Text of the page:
Castles, September-October 2017

It’s been a great start to the school year. We have been inventing our own castles this term,  inspired by Colin Thompson’s book ‘Castles’. I have been amazed by the quantity and quality of ideas produced across the different groups I teach. We are now moving onto writing our quest stories (where the castles will obviously feature!). The castles are here:

 

 

The start of the quest stories are here:

 

 

Beautiful Underground Worlds, 23-25 August 2017

It’s the end of my summer classes for another year! I’ve had a lovely summer with such creative children. This week we were Under the Ground! These were the stages to our work:

1. Read and discuss The Street Beneath My Feet by Yuval Zommer
2. Make collaborative murals of underground worlds and start on our individual worlds
3. 
Gather things from home that could fit into our worlds
4. Read and discuss The Something by Rebecca Cobb and pictures of huge pits, holes etc.
5. Write personification poetry imagining we ARE the worlds 
6 Write stories for our worlds

Lovely work from Fantastical Creatures! 9-11 August 2017

Just had an amazing 3 days doing art and creative writing with the theme of Fantastical Creatures. Here is a snapshot of the lovely work below. Our 3 stages were:

  1. Create our fantastical creatures and their home, the “Wonder Garden” (inspired by Jenny Broom)
  2. Write simile poems for our creatures 
  3. Create word maps for the garden and write stories

Sock Monsters!

I don’t usually do children’s birthday parties as I teach regular classes every weekend, but as an exception I had the pleasure of doing one yesterday. We made sock monsters!

I have got a bit carried away myself making quite a few of these lovely puppets. They are so easy to make and really versatile for games and creative activities.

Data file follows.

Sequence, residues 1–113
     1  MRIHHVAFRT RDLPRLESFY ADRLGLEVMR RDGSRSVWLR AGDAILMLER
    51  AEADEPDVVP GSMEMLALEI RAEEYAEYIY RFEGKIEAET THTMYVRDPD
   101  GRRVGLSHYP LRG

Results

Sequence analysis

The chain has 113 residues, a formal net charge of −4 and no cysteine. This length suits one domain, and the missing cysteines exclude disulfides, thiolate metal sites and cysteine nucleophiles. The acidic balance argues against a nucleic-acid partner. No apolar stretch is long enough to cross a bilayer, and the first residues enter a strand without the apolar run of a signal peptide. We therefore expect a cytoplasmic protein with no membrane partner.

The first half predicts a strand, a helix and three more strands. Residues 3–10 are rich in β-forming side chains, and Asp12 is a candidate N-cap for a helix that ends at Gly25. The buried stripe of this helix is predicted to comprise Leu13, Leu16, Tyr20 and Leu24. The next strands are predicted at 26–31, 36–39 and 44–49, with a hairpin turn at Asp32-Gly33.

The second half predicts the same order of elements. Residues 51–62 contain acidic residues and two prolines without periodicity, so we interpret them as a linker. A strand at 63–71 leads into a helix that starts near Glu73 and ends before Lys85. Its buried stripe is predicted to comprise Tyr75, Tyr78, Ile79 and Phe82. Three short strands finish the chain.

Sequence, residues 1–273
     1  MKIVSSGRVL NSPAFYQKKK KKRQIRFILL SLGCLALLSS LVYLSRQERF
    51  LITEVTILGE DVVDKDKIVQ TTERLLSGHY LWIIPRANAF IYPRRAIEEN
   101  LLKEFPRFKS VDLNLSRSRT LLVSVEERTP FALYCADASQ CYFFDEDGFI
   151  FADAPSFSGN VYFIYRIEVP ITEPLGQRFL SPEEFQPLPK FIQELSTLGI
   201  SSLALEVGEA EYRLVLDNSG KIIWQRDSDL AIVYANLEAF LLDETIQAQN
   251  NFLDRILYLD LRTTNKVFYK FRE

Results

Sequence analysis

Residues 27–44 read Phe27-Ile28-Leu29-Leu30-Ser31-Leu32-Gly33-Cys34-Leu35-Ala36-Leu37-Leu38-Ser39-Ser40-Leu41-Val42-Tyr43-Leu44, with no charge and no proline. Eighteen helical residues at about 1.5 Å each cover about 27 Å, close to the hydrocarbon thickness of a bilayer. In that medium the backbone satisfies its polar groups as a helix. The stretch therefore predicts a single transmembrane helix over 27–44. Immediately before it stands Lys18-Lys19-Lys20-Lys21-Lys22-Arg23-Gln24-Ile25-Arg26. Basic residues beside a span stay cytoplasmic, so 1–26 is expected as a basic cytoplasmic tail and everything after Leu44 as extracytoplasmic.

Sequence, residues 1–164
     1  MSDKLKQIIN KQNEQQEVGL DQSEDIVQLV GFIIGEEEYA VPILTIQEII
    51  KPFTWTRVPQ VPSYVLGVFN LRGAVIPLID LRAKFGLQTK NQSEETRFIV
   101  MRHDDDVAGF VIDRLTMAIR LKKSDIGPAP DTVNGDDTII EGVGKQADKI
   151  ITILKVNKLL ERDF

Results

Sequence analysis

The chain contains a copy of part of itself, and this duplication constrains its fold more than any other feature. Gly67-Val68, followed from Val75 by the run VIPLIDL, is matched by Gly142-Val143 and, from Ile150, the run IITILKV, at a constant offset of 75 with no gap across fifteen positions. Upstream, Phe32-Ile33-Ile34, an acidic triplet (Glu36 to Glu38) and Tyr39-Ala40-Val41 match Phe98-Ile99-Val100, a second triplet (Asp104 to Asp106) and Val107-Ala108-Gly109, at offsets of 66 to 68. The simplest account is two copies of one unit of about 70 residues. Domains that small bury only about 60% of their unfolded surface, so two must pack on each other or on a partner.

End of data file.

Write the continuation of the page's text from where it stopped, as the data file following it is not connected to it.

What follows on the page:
Puppets and role-play is also so helpful for story-building – a lot of potential here! 

How I teach Creative Writing

A lot of my students initially tell me they are ‘bad at writing’ and ‘can’t do it’; ‘don’t know what to write’. They are also fed up with lists of things to include in creative writing: complex vocabulary; adverbials of time, place and manner; metaphors, similes, etc.

I use games, art, drama and music as a way in to writing. Kids’ eyes light up when they see paint or plasticine on the table in their writing lesson. Are these relevant to writing? Yes!

To start stories, you need creative magic. It can come from anywhere: from a place you visited; from a rock you like the feel of; from the smell of damp leaves; from your dream last night. Some students find it easily, but many, when confronted with a blank page, don’t.  

I help them find it and then channel it into their writing. We model plasticine characters and imagine what they are like – what do they want? What do they dream about? Do they like broccoli? We paint/collage settings and jump into them like in Mary Poppins. What can we see? What can we smell? Is it raining? Is the rain hot or cold? We laugh about things we imagine like rotten egg smells and dog poo, floating people and giant trees.

Once they have come up with a place and a character then their imaginations take them into the story. They get excited; ideas flow easily; they realise they are in control of the writing even though they don’t know how the story ends. This is the creative process!

And then they edit the story. We find any gaps in the plot; we discuss exciting similes and metaphors etc.; we question constantly in order to make the world of the story more real. But now they’re enthusiastic and involved; happy to do it. Because now they’re committed to their characters and to their ideas. It’s all from them; not from a list.